Coming on board as the new Web Experience Developer in the Assessment and User Experience Services (AUXS) Department in early 2022, one of my first priorities was to get up to speed on Web Accessibility guidelines and testing. I wanted to learn how these standards had been applied to Library websites to date and establish my own processes and habits for ongoing evaluation and improvement. Flash-forward one year, and I’m looking back at the steps that I took and reflecting on lessons learned and projects completed. I thought it might be helpful to myself and others in a similar situation (e.g. new web developers, designers, or content creators) to organize these experiences and reflections into a sort of manual or “Quick Start Guide”. I hope that these 5 steps will be useful to others who need a crash course in this potentially confusing or intimidating–but ultimately crucial and rewarding–territory.
Learn from your colleagues
Fortunately, I quickly discovered that Duke Libraries already had a well-established culture and practice around web accessibility, including a number of resources I could consult.
Two Bitstreams posts from our longtime web developer/designer Sean Aery gave me a quick snapshot of the current state of things, recent initiatives, and ongoing efforts:
Repositories of the Library’s open source software projects proved valuable in connecting broader concepts with specific examples and seeing how other developers had solved problems. For instance, I was able to look at the code for DUL’s “theme” (basically visual styling, color, typography, and other design elements) to better understand how it builds on the ubiquitous Bootstrap CSS framework and implements specific accessibility standards around semantic markup, color contrast, and ARIA roles/attributes:
Equipped with some background and context, I found I was much better prepared to formulate questions for team meetings or the project Slack channel.
Look for guidelines from your institution
Duke’s Web Accessibility Initiative establishes clear web accessibility standards for the University and offers practical information on how to understand and implement them:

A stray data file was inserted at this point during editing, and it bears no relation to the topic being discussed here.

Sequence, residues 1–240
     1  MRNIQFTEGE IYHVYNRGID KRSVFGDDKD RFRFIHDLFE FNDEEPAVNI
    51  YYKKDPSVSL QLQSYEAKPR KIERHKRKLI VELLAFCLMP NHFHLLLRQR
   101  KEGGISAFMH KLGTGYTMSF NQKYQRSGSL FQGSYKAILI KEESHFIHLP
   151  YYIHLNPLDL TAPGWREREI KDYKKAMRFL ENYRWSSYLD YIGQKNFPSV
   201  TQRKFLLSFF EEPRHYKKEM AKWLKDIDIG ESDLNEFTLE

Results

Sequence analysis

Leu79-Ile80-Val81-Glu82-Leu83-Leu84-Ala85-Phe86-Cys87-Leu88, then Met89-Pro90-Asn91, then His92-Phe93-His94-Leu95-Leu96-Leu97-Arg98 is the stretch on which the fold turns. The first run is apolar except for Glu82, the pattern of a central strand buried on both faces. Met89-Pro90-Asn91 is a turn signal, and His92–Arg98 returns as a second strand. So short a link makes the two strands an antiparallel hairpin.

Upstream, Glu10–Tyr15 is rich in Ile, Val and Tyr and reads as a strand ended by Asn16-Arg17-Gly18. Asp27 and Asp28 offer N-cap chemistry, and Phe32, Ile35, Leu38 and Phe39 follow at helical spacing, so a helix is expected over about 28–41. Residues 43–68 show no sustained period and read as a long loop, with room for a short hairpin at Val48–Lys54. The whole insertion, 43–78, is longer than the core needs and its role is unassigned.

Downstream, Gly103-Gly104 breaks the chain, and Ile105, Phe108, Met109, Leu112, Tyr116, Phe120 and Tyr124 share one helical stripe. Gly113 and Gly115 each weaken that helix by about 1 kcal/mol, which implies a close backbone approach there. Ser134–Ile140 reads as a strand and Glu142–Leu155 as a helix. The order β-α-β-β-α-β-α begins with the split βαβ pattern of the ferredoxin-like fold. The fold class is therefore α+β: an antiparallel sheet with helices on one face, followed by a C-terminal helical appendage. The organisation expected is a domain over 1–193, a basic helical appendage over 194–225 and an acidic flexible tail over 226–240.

The site also offers guides geared towards the needs of different stakeholders (content creators, designers, developers) as well as a step-by-step overview of how to do an accessibility assessment.
Know your standards
Duke University has specified the Worldwide Web Consortium Web Content Accessibility Guidelines version 2.0, Level AA Conformance (WCAG 2.0 Level AA) as its preferred accessibility standard for websites. While it was initially daunting to digest and parse these technical documents, at least I had a known, widely-adopted target that I was aiming for–in other words, an achievable goal. Feeling bolstered by that knowledge, I was able to use the other resources mentioned here to fill in the gaps and get hands-on experience and practice solving web accessibility issues.
Find a playground
As I settled into the workflow within our Scrum team (based on Agile software development principles), I found a number of projects that gave me opportunities to test and experiment with how different markup and design decisions affect accessibility. I particularly enjoyed working with updating the Style Guide for our Catalog as part of a Bootstrap 3–>4 migration, updating our DUL Theme across various applications — Library Catalog, Quicksearch, Staff Directory — built on the Ruby on Rails framework, and getting scrappy and creative trying to improve branding and accessibility of some of our vendor-hosted web apps with the limited tools available (essentially jQuery scripts and applying CSS to existing markup).
Build your toolkit
A few well-chosen tools can get you far in assessing and correcting web accessibility issues on your websites.
The built-in developer tools in your browser are essential for viewing and testing changes to markup and understanding how CSS rules are applied to the Document Object Model. The Deque Systems aXe Chrome Extension (also available for Firefox) adds additional tools for accessibility testing with a slick interface that performs a scan, gives a breakdown of accessibility violations ranked by severity, and tells you how to fix them.
Color Contrast Checkers
I frequently turned to these two web-based tools for quick tests of different color combinations. It was educational to see what did and didn’t work in various situations and think more about how aesthetic and design concerns interact with accessibility concerns.
These style guides provided a handy reference for default and variant typography, color, and page design elements. I found the color palettes particular helpful as I tried to find creative solutions to color contrast problems while maintaining Duke branding and consistency across various Library pages.
Attempting to navigate our websites using only the TAB, ENTER, SPACE, UP, and DOWN keys on a standard computer keyboard gave me a better understanding of the significance of semantic markup, skip links, and landmarks. This test is essential for getting another “view” of your pages that isn’t as dependent on visual cues to convey meaning and structure and can help surface issues that automated accessibility scanners might miss.